Simply by virtue of doing its work, the Freedmen’s Bureau amassed records of the stories, hopes, and disappointments of a people on the cusp of freedom. These documents reveal the agency of the newly emancipated: Freedom was not given but was seized and created by people who “made a way out of no way.” But the documents underscore how difficult the struggle was. Although they make the efforts of individuals and families visible and concrete, the records also reflect how the promise of Reconstruction was derailed by violence, northern apathy, and the rise of Jim Crow.
The documents unlock the names and experiences of people who are often invisible or silent in the conventional telling of history. A significant portion of the Freedmen’s Bureau papers reflect the importance of family, of reconnecting with kin separated by the vagaries of slavery, of protecting children. With freedom came an unyielding desire to find oneself by finding those who’d been sold away. The Freedmen’s Bureau, people hoped, could aid in restoring the bonds of family. In the documents, a freedwoman named Sina Smith described how her mother had been sold from Virginia to Tennessee “about eighteen years past … by Colonel Marshall.” Smith hoped that her mother, Eliza Williams, whom she was now able to “support … in her old age,” could be found, and noted that she was “a member of the Baptist Church” in Nashville.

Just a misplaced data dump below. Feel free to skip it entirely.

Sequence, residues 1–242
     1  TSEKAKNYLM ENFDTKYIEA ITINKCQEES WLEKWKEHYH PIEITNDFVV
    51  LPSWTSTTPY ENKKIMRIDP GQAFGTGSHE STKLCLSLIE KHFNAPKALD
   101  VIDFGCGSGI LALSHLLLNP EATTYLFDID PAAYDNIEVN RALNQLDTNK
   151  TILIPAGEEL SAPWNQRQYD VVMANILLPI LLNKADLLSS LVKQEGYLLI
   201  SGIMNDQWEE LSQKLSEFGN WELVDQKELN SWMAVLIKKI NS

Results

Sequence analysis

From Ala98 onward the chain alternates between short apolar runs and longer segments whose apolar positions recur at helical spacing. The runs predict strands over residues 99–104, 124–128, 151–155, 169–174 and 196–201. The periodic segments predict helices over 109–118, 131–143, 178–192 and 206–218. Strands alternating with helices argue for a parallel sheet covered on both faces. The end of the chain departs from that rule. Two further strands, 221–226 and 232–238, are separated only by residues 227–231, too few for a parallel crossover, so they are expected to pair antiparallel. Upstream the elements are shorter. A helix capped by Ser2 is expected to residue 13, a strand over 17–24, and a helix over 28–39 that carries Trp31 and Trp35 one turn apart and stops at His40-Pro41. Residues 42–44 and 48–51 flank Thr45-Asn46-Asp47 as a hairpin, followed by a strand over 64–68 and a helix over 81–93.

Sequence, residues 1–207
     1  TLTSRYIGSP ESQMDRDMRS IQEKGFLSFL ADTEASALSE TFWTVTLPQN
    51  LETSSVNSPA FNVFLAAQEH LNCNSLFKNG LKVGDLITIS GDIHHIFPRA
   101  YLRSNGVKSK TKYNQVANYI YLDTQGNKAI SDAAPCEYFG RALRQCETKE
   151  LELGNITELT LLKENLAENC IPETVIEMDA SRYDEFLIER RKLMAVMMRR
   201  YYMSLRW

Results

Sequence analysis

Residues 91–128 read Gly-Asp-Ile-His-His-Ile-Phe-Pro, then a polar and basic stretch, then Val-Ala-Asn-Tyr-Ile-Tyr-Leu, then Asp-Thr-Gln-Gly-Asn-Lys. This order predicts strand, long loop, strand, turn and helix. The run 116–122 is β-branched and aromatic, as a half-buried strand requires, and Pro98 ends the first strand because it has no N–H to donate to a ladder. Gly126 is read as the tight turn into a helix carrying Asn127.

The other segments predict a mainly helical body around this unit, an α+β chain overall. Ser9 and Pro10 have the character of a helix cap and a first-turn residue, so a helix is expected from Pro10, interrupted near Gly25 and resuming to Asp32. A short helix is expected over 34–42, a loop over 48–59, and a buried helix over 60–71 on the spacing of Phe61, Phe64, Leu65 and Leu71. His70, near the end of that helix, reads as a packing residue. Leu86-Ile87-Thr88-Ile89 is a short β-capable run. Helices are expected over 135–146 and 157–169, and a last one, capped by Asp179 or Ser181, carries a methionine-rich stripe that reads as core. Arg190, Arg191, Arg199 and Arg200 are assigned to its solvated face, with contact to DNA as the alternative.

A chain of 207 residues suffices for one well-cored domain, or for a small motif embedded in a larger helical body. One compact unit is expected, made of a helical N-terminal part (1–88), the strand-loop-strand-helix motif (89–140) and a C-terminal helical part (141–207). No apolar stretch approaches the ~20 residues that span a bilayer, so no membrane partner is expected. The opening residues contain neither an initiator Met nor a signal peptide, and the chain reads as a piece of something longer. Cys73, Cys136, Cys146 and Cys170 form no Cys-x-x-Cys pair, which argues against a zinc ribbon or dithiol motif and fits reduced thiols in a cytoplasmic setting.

Requests for assistance contained poignant details that might help locate a family member. A freedman named Hawkins Wilson wrote from Galveston, Texas, searching for his sisters, whom he had not seen in the 24 years since he’d been “sold at Sheriff’s sale” in Virginia. “One of my sisters, Jane,” he wrote, “belonged to Peter Coleman in Caroline County.” Wilson’s letter expressed a belief that the bureau could reconnect him with his family: “I am in hopes that they are still living … and I have no other one to apply to but you.” Wilson drafted an additional letter to be given to Jane. “Your little brother Hawkins is trying to find out where you are and where his poor old mother is … I shall never forget the bag of buiscuits you made for me the last night I spent with you.” He continued by saying he had led a good life and had “learned to read, and write a little.” He said that he hoped they might see each other, but added that if they did not “meet on earth, we might indeed meet in heaven.” Given that the letter remained in the files of the Freedmen’s Bureau, it is unlikely that Wilson was ever reunited with his family.